Field Representative, Georgia
As Oceana’s Georgia Field Representative, Hermina builds on-the-ground support for Oceana’s U.S. campaigns in the coastal state of Georgia.
Hermina Glass-Hill grew up in inner-city Atlanta. Family trips to the Sea Islands of coastal Georgia and South Carolina awakened her love for the ocean and nature. Later travels to Africa and the Caribbean Islands expanded her imagination and broadened her worldview about nature, history, people, and culture.
Prior to joining Oceana, Hermina served as the research historian for the National Center for Civil and Human Rights where she learned the value of hard-won struggles for racial equality and ocean justice during the Civil Rights Movement.
In 2016, Hermina founded the Susie King Taylor Women’s Institute and Ecology Center to honor this Gullah Geechee freedom seeker and to provide educational programming on the influence of coastal ecology in the lives of enslaved and free women. In 2019, she received the Georgia Governor’s Award for Arts and Humanities for her service in preserving African American history and culture. Most recently she worked as the climate justice advocate at Georgia Interfaith Power and Light, engaging communities and educating local, state, and federal policymakers on the impact of climate change on frontline coastal communities.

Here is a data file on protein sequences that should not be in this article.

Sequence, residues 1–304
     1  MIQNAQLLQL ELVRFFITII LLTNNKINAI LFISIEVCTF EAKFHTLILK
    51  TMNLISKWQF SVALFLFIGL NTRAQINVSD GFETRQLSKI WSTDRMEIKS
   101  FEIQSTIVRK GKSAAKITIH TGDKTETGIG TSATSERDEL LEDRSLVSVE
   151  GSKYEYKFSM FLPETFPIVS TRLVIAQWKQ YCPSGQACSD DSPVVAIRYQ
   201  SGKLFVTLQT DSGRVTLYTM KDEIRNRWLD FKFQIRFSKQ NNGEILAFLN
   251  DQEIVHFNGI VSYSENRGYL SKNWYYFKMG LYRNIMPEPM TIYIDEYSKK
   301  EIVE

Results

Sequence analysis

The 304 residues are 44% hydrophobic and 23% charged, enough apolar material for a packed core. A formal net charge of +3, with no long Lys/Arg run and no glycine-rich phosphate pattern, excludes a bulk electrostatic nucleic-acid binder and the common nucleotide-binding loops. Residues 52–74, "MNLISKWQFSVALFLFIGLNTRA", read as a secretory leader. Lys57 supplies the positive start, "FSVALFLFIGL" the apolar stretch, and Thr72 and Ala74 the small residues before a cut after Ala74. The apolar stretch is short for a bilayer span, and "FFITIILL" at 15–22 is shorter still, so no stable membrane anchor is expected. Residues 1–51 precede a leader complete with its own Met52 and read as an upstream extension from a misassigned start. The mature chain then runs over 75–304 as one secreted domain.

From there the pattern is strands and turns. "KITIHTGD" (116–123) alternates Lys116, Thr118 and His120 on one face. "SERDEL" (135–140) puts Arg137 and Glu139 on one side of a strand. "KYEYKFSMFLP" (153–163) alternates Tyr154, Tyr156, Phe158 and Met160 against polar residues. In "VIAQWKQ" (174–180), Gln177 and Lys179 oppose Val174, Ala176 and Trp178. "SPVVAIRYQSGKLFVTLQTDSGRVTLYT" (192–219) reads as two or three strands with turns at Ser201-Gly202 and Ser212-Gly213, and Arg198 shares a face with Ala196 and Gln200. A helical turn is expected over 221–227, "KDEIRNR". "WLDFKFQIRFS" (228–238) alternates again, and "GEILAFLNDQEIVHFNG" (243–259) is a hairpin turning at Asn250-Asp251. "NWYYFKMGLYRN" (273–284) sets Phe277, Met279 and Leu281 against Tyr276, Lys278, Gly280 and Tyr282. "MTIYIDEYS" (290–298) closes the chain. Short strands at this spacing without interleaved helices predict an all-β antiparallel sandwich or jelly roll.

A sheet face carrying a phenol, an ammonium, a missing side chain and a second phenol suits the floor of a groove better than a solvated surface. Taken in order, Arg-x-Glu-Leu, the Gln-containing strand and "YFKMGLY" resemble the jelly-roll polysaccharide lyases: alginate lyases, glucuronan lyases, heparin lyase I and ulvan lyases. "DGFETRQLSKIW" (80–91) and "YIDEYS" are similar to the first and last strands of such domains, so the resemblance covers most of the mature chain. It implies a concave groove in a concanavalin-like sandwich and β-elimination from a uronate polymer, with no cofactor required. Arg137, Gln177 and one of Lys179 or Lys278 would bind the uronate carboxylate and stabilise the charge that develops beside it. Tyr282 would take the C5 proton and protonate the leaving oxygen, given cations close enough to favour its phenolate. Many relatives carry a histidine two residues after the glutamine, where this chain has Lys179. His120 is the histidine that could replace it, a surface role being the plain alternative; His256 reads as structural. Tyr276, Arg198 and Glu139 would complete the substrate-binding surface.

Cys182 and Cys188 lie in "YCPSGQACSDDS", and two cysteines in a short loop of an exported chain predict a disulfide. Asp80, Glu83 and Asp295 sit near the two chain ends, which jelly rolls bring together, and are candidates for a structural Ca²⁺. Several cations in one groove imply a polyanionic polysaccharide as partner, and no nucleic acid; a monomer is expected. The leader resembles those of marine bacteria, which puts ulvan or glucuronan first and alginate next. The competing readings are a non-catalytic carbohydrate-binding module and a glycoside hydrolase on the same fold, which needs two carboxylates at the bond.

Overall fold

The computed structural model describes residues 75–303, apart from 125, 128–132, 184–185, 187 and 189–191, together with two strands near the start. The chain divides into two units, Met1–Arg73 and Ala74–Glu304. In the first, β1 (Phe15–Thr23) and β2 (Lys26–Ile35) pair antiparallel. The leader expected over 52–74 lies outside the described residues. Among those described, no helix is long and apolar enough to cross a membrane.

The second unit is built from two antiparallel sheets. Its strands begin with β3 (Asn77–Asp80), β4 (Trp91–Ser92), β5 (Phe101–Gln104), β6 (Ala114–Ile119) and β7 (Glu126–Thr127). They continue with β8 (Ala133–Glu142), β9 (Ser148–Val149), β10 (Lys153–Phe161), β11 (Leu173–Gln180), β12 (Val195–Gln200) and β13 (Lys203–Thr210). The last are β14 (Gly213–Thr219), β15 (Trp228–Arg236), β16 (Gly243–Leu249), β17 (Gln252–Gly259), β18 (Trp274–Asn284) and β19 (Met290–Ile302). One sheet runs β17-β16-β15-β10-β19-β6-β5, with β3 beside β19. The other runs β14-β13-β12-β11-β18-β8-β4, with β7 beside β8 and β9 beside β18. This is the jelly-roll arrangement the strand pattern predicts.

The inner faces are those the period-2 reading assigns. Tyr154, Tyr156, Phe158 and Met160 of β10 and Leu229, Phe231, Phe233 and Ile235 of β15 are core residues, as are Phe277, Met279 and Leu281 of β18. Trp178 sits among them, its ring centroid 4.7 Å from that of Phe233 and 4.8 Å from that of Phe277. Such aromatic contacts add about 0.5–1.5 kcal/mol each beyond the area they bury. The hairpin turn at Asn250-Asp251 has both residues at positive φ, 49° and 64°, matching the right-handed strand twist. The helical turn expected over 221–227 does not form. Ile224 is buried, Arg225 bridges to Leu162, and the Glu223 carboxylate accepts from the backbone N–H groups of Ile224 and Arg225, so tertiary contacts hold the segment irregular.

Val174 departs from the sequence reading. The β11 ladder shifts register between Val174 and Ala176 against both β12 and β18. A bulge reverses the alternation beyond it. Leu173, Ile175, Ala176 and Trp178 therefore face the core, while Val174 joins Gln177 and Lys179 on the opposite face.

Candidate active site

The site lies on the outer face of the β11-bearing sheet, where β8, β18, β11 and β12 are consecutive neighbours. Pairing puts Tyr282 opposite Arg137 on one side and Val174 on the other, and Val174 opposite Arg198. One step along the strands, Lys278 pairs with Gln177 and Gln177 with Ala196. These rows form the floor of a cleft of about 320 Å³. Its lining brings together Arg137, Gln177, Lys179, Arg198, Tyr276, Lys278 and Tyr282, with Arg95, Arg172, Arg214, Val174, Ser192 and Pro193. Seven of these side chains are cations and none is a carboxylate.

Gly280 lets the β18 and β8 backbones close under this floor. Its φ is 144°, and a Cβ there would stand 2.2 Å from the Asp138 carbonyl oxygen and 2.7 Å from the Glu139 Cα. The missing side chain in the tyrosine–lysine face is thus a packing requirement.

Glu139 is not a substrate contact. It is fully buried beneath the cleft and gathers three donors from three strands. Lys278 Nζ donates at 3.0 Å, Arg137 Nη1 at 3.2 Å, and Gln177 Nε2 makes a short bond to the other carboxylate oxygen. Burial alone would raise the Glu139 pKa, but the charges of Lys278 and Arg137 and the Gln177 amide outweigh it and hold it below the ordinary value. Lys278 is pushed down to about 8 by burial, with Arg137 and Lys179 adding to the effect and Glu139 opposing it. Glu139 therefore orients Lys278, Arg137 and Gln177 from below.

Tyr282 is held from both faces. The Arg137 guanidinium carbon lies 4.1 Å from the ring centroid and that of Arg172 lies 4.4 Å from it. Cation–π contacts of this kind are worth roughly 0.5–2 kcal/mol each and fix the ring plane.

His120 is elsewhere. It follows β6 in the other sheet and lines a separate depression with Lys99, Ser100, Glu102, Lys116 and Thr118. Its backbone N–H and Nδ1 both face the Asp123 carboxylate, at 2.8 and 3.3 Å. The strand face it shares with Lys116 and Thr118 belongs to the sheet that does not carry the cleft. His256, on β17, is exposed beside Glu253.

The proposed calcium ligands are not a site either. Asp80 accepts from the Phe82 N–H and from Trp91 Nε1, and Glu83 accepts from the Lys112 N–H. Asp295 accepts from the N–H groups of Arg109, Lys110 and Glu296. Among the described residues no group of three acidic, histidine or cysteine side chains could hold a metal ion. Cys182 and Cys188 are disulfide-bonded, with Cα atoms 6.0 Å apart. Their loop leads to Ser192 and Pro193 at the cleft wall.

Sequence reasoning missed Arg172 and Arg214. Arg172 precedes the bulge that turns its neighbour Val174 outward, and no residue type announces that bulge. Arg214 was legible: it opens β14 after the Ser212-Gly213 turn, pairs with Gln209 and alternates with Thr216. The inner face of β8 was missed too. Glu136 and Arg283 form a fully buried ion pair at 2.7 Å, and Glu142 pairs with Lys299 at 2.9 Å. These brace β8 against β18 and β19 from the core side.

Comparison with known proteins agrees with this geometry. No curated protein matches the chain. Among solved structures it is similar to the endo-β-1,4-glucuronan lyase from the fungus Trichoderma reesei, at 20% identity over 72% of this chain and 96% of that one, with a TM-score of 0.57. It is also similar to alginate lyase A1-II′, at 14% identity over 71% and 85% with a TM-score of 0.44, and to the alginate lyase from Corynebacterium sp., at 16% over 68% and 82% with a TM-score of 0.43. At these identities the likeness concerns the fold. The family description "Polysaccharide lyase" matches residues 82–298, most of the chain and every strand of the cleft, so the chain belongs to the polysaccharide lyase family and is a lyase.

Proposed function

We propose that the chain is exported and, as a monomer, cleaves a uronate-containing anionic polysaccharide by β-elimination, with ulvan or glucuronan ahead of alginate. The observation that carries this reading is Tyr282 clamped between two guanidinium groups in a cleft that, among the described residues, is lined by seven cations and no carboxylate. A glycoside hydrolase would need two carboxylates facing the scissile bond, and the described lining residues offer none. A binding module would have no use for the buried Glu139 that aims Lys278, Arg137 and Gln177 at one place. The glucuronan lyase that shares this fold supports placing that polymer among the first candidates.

She attended Spelman College and Georgia State University where she earned a bachelor’s degree in history and a master’s degree in heritage preservation.
She lives with her husband in Midway, GA, a town forty miles south of Savannah.